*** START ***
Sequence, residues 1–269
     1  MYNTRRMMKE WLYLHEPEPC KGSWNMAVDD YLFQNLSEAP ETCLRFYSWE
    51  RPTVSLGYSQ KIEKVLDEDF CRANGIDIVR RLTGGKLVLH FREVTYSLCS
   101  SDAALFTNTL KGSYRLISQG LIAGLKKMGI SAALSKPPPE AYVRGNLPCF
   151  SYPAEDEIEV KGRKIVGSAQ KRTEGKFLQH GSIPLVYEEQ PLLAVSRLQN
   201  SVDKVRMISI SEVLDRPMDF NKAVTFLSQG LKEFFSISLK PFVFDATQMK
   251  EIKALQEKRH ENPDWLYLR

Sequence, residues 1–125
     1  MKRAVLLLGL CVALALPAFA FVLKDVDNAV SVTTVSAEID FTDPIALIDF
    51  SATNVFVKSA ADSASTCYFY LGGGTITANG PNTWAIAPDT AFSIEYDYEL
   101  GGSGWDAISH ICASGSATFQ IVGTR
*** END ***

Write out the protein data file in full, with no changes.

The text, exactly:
Sequence, residues 1–269
     1  MYNTRRMMKE WLYLHEPEPC KGSWNMAVDD YLFQNLSEAP ETCLRFYSWE
    51  RPTVSLGYSQ KIEKVLDEDF CRANGIDIVR RLTGGKLVLH FREVTYSLCS
   101  SDAALFTNTL KGSYRLISQG LIAGLKKMGI SAALSKPPPE AYVRGNLPCF
   151  SYPAEDEIEV KGRKIVGSAQ KRTEGKFLQH GSIPLVYEEQ PLLAVSRLQN
   201  SVDKVRMISI SEVLDRPMDF NKAVTFLSQG LKEFFSISLK PFVFDATQMK
   251  EIKALQEKRH ENPDWLYLR

Sequence, residues 1–125
     1  MKRAVLLLGL CVALALPAFA FVLKDVDNAV SVTTVSAEID FTDPIALIDF
    51  SATNVFVKSA ADSASTCYFY LGGGTITANG PNTWAIAPDT AFSIEYDYEL
   101  GGSGWDAISH ICASGSATFQ IVGTR